Rule of the Road No. 10: A trial lawyer must treat clients with respect.
One of the best way to improve your chances of being a defendant in a disciplinary proceeding or legal malpractice case is by treating a client with disrespect. Even if the client is a disreputable person who doesn’t deserve your respect, show the client respect for you own protection if not for the client’s benefit. Treating a client with respect includes, at a minimum, the following:
• Don’t take phone calls or allow other interruptions while you’re meeting with a client. Stay off your smartphone or other electronic device when you are meeting with the client.
• Be prompt – don’t keep the client waiting. If you’re late, clients will conclude that you’re disorganized and disrespectful.
• Do what you say that you are going to do. If you make a commitment to your client, follow through or call the client and explain why if it appears that you will not able to meet the commitment.
• Confirm advice in writing – this protects you and the client and will immediately flush out any misunderstandings. See Rule of the Road No. 3, above.
• Evaluate and communicate risks to clients in person, followed by a writing. At a minimum, that habit of routinely communicating risks in writing forces you to think through those risks and clearly articulate them to the client. See Rule of the Road No. 3, above.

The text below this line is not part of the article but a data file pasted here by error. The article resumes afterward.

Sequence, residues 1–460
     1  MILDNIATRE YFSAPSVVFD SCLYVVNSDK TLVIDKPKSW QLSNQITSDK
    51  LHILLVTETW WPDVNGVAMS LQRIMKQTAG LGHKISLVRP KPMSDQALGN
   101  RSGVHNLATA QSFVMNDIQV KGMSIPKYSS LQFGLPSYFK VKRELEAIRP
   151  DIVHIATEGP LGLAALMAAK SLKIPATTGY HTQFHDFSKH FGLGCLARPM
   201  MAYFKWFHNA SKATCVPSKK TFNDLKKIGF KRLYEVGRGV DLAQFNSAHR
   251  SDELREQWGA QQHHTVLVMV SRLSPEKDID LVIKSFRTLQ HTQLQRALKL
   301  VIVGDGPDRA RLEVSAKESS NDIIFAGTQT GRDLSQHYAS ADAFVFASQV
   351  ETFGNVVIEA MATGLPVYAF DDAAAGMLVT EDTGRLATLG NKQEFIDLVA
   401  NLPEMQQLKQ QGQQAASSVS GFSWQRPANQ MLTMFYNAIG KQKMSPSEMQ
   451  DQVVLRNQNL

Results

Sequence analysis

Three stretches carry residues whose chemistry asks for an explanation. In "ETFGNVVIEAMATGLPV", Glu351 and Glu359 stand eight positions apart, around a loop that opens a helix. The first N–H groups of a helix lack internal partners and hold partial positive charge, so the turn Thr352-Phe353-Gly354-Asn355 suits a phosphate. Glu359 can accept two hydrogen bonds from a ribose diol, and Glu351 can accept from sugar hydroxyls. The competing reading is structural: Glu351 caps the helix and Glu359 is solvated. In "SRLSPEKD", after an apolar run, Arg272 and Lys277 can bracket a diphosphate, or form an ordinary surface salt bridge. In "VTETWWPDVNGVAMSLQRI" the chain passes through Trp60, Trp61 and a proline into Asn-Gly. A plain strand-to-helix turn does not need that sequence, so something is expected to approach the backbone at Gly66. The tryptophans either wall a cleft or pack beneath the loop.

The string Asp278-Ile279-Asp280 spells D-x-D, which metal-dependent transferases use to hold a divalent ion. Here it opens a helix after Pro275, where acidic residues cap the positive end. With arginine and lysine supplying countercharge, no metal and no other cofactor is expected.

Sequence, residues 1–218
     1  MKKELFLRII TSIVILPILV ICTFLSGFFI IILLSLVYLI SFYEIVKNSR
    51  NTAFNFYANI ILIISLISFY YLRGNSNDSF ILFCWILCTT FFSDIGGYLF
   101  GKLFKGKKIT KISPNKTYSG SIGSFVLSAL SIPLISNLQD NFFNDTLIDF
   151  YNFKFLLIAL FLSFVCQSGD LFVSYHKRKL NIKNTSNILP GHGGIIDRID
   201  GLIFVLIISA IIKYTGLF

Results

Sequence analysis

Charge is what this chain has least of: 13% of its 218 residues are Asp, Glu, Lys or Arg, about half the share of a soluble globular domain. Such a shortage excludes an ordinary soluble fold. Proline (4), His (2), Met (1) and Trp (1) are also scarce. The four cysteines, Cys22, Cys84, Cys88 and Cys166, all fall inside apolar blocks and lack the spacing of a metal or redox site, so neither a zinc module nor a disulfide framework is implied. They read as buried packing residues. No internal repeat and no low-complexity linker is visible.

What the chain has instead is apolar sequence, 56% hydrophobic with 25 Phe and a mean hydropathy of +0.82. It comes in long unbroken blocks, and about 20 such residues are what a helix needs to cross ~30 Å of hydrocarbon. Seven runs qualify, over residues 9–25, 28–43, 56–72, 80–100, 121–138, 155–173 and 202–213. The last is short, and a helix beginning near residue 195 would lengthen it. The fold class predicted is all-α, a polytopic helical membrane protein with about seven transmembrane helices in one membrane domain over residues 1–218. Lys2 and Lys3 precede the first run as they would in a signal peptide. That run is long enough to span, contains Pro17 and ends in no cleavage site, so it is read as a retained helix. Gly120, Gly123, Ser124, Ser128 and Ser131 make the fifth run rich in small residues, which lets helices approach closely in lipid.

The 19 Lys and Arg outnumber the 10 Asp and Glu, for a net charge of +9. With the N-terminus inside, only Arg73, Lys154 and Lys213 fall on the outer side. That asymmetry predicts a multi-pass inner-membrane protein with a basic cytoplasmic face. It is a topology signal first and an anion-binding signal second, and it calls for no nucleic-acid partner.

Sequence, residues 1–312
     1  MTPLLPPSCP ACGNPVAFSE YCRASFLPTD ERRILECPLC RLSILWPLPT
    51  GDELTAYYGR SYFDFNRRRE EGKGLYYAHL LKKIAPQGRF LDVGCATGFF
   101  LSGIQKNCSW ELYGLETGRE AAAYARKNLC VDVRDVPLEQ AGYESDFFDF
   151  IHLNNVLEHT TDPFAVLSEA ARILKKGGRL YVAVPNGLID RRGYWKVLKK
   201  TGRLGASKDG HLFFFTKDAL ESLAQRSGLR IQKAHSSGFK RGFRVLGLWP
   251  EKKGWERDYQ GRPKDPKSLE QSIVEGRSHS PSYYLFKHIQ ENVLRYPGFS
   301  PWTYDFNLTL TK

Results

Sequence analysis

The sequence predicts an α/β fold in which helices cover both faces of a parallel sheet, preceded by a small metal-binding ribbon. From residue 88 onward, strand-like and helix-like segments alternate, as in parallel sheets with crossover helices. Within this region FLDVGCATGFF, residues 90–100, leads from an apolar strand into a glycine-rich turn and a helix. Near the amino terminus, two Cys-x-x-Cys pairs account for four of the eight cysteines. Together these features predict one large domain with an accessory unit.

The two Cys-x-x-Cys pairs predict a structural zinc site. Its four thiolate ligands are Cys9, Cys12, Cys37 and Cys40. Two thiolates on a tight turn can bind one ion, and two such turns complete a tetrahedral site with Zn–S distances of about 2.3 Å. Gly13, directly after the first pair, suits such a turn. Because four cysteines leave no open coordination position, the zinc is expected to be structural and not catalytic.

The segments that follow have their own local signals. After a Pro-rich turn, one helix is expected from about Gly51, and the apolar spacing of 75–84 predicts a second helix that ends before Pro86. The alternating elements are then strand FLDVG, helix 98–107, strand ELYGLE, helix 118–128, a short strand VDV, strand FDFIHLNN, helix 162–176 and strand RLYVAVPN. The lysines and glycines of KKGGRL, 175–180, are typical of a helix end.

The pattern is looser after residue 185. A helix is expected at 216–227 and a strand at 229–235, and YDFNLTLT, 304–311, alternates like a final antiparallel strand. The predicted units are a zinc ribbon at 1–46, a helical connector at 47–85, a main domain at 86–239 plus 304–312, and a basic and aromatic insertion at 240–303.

These principles may seem obvious and common sense, but it is surprising how many lawyers violate the basics of simple courtesy.
This series has covered just some of the Rules of the Road that, if you follow, will help you to protect your clients and, happily, minimize your risk for being sued for malpractice or being the respondent in a lawyer discipline matter. Remember: complaints by unhappy clients are inevitable and you do not have any control over whether someone complains or files a lawsuit.
What you do have control over is your systems, how you conduct yourself day-to-day and how you treat other people. Adopting and adhering to practice standards that place the client first is a good baseline to protect both you and your clients.
If you acknowledge the risks and your own fallibility exercise some common sense and take steps to protect yourself and your client, you will minimize the risks of a malpractice suit. In addition, if the client sues you, you’ll have put yourself in the best possible position to defend that lawsuit.